Nuclear Friday: Goblins and Other Parasites

Today The Board will take a look into the earliest days of nuclear delivery systems. The US had The Bomb, it was starting to look like the Cold War was really going to be a thing, and no one had a clue what was going on. There’s nothing like confusion to breed innovation in technology and strategy. Things were going to be weird for a few years.

But in most ways, US strategic thinkers were trying to refight WWII. And you would too, if you had this monster born of WWII thinking, the B-36



That’s the 1948 version with six piston driven pusher props an four little turbojets in pods near the wingtips. The B-36 was first planned in 1941, before the US was in the war,  as a superweapon that could reach Japan from Hawaii, the Urals and Caspian from Iceland, and a hypothetical Nazi occupied UK from much of the US.

But if there’s anything the US 8th Air Force learned in WWII, it’s that bombers can’t go it alone in daylight. The 8th struggled on over Germany for months in the face terrible losses. The situation did not improve until the Rolls-Royce modified versions of the P-51 became available. The P-51 was a war-winning escort fighter once it had the range to get to Germany and back.

But in the late 40’s and early 50’s, there were no fighters that could accompany the B-36, and it seemed there never would be.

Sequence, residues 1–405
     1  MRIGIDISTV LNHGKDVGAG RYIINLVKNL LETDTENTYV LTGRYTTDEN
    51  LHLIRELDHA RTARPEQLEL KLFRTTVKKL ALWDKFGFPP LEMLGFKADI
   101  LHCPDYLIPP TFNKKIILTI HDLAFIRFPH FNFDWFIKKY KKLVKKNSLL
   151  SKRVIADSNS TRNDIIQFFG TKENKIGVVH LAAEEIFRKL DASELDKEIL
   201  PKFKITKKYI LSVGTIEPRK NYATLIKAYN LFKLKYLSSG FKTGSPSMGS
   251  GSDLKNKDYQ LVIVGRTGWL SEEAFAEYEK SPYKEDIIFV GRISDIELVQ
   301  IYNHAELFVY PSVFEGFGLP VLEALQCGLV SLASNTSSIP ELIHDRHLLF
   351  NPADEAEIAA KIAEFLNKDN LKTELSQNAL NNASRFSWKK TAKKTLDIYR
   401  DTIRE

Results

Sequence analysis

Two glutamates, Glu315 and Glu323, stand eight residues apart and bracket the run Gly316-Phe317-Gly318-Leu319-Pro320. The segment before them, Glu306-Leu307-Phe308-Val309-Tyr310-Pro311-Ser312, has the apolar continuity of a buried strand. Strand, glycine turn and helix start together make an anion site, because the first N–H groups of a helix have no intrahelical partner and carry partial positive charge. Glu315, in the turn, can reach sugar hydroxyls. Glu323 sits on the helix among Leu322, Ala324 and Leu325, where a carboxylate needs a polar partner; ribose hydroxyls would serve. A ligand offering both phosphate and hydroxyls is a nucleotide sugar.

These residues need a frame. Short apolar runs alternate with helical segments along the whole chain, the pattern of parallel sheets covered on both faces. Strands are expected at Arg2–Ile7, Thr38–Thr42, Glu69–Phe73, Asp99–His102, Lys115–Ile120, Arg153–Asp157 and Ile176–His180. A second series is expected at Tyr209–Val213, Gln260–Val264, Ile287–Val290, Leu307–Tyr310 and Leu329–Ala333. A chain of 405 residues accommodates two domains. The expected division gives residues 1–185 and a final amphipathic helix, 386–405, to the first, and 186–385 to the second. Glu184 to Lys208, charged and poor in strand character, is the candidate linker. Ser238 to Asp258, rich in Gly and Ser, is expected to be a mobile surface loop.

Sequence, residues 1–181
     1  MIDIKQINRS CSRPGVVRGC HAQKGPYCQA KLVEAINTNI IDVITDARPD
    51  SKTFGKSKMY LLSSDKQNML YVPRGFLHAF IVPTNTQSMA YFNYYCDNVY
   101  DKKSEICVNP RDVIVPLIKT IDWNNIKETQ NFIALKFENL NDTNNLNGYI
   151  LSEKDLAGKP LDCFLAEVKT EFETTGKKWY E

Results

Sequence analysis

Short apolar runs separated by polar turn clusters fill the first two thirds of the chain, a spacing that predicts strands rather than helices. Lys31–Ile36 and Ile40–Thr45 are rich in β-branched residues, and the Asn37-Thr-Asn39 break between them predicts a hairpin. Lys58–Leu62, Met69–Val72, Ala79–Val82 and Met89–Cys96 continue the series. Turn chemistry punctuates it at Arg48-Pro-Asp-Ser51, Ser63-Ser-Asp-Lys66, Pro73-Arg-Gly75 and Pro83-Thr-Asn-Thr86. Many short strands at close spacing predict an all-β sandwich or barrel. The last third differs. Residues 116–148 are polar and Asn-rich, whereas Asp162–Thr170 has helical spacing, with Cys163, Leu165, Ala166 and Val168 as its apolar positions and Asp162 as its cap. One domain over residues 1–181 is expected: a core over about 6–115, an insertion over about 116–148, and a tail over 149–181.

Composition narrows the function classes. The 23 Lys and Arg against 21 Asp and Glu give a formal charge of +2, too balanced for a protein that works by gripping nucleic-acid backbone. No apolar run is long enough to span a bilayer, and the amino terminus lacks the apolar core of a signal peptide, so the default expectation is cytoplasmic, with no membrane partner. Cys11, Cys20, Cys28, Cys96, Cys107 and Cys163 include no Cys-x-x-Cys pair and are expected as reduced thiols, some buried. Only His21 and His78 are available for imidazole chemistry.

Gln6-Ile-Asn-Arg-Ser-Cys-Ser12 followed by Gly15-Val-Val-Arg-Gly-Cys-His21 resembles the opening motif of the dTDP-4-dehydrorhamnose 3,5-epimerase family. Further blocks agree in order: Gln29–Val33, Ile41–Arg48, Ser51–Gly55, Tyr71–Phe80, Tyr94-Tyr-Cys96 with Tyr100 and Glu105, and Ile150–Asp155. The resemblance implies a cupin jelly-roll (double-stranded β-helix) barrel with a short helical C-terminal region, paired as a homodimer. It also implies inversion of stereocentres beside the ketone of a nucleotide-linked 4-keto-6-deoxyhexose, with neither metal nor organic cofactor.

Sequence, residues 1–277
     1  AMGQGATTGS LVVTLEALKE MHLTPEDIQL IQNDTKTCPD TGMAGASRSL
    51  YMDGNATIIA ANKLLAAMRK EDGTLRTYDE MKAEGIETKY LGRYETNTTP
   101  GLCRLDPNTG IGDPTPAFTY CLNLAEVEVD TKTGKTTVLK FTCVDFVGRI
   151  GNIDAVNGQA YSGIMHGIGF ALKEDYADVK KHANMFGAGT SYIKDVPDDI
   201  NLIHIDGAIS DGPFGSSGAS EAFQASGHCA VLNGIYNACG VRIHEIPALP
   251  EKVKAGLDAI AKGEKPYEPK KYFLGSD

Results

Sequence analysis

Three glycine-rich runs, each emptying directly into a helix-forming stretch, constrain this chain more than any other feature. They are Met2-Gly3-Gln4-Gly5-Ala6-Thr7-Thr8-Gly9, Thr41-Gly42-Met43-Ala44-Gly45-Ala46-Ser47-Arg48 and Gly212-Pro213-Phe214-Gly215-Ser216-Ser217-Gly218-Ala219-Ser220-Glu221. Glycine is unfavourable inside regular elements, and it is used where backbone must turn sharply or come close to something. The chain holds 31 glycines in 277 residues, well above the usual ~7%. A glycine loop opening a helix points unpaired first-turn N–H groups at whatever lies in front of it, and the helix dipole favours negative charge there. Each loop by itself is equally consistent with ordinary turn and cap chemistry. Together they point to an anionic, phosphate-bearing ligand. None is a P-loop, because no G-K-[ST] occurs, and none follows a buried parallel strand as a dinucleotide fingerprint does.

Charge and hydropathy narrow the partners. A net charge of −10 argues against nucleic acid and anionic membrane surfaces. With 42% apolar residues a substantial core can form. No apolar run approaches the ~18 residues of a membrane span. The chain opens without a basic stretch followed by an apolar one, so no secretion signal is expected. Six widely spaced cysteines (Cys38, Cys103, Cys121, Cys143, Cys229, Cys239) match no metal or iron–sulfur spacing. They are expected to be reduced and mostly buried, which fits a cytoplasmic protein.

Enter the Goblin…..Squeeee!


Perhaps a B-36 could carry a tiny little fold-up fighter plane in one of its three massive bomb bays? They built a few of these in 1948. The idea was to lower the XF-85 Goblin on a trapeze assembly in the bomb bay. The airflow around the Goblin would stabilize it until it retracted its hook and entered a free fall dive. The power of the airflow from the dive would get the turbines in its engine going fast enough that it could perform a cold start.That had better work, the Goblin did not have an electric starter. Where would you put it? The Goblin would then destroy or drive off all interceptors an as it was running out of fuel be recovered by its B-36 mothership.

For a brief moment it seemed the Goblin was the answer. There were questions, sure. Would each B-36 carry a Goblin in one bomb bay and two (maybe four, they’re getting smaller) in the other two bays? Might there dedicated B-36 motherships with THREE Goblins?

But alas, this was not to be. The Goblin was cancelled in 1949, a little over a year after the program began. The B-36 never even carried a Goblin in a test flight. The B-36 was too expensive to risk. Goblins were tested with surplus B-29’s from WWII, as depicted in the header image of this post. The results were poor. Release went well, but there were accidents upon recovery. Furthermore, the Goblin’s four .50 cal guns were considered to have insufficient power to damage likely Soviet interceptors. In 1949, US intelligence had a hint the MiG-15 might be coming.

Now you might be thinking that the Goblin designers must have been high. No, we will now examine what aircraft engineers would do when they have the best weed 1950 can offer.